The other caveat is with Apple's NIB files. I believe GNUstep uses GORM files (check their website) and I don't know if you can translate from one to the other (endian issues, Apple not opening up the file format of NIB, etc.). But I think a tool might exist. Once again, check the GNUstep website's FAQ about this. These files specify what the user interface looks like and what kind of hooks to your code exist. NIBs are created with Apple's Interface Builder, a rapid design tool. You could always code up the entire interface similar to what you can do with Java.
  • Reply 6 of 12
    marcukmarcuk Posts: 4,442member
    Can someone tell me if you get the developers CD with new macs still. I think It has Gcc 3.3.



    Is GCC a fully integrated IDE environment (like realBasic) or is it just a compiler? If so, how do you program OSX widgets?
  • Reply 7 of 12
    Whoa, MarcUK! I think you've totally missed two biggest items of Mac OS X's developers tools:



    Xcode and Interface Builder



    Xcode:





    Interface Builder:





    That's your IDE right there. GCC is just the (open source) engine behind it. GCC is "just a compiler" as you said. You can run it from the command line with makefiles if you want. If you want to work on a project, though, you're really better off using Xcode.



    The developer tools should be included with every Mac today. If they're not on their own CD, they should be included on the Software Restore CD.
  • Reply 8 of 12
    marcukmarcuk Posts: 4,442member
    Quote:

    Originally posted by Brad

    Whoa, MarcUK! I think you've totally missed two biggest items of Mac OS X's developers tools:



    /snip/



    That's your IDE right there. GCC is just the (open source) engine behind it. GCC is "just a compiler" as you said. You can run it from the command line with makefiles if you want. If you want to work on a project, though, you're really better off using Xcode.



    The developer tools should be included with every Mac today. If they're not on their own CD, they should be included on the Software Restore CD.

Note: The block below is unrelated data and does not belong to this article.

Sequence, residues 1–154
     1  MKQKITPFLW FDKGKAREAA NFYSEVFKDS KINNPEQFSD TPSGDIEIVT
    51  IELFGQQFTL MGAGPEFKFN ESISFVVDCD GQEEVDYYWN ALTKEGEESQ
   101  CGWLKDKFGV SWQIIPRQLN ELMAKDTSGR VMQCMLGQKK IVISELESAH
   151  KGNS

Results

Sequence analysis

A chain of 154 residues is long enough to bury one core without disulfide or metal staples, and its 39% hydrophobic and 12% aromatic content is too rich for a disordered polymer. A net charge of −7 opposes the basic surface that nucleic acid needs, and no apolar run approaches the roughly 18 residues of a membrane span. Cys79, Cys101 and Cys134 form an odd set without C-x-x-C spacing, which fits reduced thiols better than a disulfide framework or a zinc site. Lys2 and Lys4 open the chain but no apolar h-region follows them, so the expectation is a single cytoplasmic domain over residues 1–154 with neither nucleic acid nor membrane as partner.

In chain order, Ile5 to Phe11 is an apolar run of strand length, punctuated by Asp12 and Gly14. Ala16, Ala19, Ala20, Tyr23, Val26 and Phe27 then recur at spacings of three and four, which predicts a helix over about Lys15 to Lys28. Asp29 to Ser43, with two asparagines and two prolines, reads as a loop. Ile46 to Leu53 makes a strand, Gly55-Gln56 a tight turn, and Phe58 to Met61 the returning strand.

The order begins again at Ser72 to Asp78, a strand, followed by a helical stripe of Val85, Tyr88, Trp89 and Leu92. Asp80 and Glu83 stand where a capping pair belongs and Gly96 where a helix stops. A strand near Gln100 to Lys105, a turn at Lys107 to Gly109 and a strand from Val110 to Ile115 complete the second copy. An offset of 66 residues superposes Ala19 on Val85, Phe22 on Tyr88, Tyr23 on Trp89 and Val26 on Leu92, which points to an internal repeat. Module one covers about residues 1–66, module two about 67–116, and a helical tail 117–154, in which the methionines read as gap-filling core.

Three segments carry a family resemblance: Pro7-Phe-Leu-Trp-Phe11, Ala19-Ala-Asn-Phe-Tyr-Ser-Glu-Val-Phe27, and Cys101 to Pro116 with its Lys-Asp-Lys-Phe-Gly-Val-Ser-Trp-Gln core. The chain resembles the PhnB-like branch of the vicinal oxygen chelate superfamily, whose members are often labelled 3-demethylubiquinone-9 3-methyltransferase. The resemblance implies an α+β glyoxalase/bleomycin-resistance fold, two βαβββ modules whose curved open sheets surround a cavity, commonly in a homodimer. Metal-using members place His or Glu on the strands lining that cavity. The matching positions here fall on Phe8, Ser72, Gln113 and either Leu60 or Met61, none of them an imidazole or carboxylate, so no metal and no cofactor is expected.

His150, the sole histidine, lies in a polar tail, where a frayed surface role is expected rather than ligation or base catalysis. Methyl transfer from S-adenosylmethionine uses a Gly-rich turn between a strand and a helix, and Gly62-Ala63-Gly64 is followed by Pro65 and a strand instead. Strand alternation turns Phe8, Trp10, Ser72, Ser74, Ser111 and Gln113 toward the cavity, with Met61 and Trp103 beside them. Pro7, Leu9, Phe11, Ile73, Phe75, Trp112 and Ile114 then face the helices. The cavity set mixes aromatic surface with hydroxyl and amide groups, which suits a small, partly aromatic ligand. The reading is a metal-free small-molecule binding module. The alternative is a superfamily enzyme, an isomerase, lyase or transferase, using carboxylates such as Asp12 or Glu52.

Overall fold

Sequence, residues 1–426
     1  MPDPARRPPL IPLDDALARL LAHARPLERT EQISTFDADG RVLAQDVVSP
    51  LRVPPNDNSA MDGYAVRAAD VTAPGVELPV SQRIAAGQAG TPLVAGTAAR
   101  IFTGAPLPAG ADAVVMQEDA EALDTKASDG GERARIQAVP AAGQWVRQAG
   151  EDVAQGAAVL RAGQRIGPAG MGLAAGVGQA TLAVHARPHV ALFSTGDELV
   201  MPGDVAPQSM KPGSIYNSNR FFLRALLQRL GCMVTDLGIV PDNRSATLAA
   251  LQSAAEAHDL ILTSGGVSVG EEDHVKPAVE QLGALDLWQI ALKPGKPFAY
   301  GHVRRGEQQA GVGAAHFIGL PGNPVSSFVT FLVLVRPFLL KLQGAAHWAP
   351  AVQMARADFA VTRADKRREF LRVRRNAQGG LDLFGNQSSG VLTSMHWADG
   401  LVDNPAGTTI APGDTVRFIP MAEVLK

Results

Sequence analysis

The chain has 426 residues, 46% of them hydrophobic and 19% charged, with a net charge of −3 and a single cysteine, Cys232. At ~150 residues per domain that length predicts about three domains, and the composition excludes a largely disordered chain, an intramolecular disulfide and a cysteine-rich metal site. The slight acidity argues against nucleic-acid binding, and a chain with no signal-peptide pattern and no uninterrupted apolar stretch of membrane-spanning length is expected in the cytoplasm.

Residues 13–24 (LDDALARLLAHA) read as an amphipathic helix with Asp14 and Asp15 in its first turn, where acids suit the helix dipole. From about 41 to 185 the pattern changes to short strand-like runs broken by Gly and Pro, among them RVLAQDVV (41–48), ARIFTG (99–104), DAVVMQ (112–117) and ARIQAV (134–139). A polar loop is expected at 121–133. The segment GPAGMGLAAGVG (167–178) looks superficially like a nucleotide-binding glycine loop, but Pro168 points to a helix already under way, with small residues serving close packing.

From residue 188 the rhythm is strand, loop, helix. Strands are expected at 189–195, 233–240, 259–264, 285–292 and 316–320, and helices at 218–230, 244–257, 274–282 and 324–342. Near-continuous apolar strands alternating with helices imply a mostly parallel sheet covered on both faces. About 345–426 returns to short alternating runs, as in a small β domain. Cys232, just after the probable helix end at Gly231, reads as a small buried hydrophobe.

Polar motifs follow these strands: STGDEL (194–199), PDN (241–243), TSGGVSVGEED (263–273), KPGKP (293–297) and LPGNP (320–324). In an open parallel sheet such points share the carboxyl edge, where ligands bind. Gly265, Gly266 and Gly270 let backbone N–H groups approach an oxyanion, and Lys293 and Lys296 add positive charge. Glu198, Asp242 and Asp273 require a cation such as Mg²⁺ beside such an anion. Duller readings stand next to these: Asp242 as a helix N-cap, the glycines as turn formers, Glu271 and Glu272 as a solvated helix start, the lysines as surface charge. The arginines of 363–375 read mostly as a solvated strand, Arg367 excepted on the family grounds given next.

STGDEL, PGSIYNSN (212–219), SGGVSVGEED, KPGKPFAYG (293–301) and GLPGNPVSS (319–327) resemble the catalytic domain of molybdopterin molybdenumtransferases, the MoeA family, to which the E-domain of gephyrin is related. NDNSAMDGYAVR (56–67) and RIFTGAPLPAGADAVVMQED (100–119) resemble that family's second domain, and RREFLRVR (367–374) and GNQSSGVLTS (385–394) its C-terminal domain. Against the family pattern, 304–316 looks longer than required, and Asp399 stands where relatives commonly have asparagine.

most likely! I havn't had a mac for 18 months, I was thinking of buying a g5, then a g4, but now Im thinking of an iBook, so I can sit in bed and work through, "Sams, teach yourself C++ in 21 days"



    I guess its OK to use C++ on GCC, Im confused now, does it only compile Objective C now?
  • Reply 9 of 12
    cooopcooop Posts: 390member
    You can still compile C and C++ code using gcc and g++ (respectively) within the Terminal.
  • Reply 10 of 12
    zapchudzapchud Posts: 844member
    No need at all to use the terminal. Xcode will compile the code for you right away. :-)
  • Reply 11 of 12
    jbljbl Posts: 555member
    A few things:

    First, how easy things are to port depends a lot on how much of your code is manipulating the interface. A command line tool should just require a recompile. A word processor, on the other hand, will be a lot more work (unless you have written it using GnuStep).



    Second, since you can mix Cocoa and Carbon, choosing one over the other really means choosing your event structure. In Carbon you are responsible for polling and dispatching system events, while in Cocoa you basically create objects that respond to events and "the system" (really the more basic framework objects like NSApplication) deal with sending them to you as appropriate. (I am sure some more experienced programmer can give you a more technical description; as a hobbyist at best that is how I think of it).



    Third, a question, is there a good tutorial someplace on xTools. I pretty much know my way around Project Builder but the few times I have looked at xTools I have been intimidated so I still do what programing I do on Jaguar.
  • Reply 12 of 12
    karl kuehnkarl kuehn Posts: 756member
    JBL: xTools is a package from Tenion, that includes Apache and X11 (among other things). You are thinking of xCode, and it is just the newest version of ProjectBuilder. There are a whole number of new things to discover, but most of them can wait. The only thing you really be aware of is that if you are going to build apps to give to other people you need to set the build style to "deployment" when you are actually going to give them to others. You really should have done this in ProjectBuilder, but you could get away without it. In xCode is is manditory.